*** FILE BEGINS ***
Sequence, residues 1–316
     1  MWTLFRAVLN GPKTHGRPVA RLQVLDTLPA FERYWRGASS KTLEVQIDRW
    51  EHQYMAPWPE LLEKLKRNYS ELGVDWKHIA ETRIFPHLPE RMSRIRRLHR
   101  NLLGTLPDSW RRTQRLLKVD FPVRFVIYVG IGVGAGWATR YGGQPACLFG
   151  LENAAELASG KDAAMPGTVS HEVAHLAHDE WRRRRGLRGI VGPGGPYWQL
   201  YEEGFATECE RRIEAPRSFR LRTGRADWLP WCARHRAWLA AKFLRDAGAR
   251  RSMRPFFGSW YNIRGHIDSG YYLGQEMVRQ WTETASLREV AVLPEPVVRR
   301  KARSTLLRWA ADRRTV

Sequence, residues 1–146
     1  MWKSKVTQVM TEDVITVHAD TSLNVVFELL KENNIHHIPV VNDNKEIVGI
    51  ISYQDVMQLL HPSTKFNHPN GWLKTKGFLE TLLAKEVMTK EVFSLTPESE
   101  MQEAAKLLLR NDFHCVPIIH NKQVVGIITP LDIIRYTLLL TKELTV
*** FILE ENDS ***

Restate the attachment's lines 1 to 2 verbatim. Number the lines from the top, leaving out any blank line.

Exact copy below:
Sequence, residues 1–316
     1  MWTLFRAVLN GPKTHGRPVA RLQVLDTLPA FERYWRGASS KTLEVQIDRW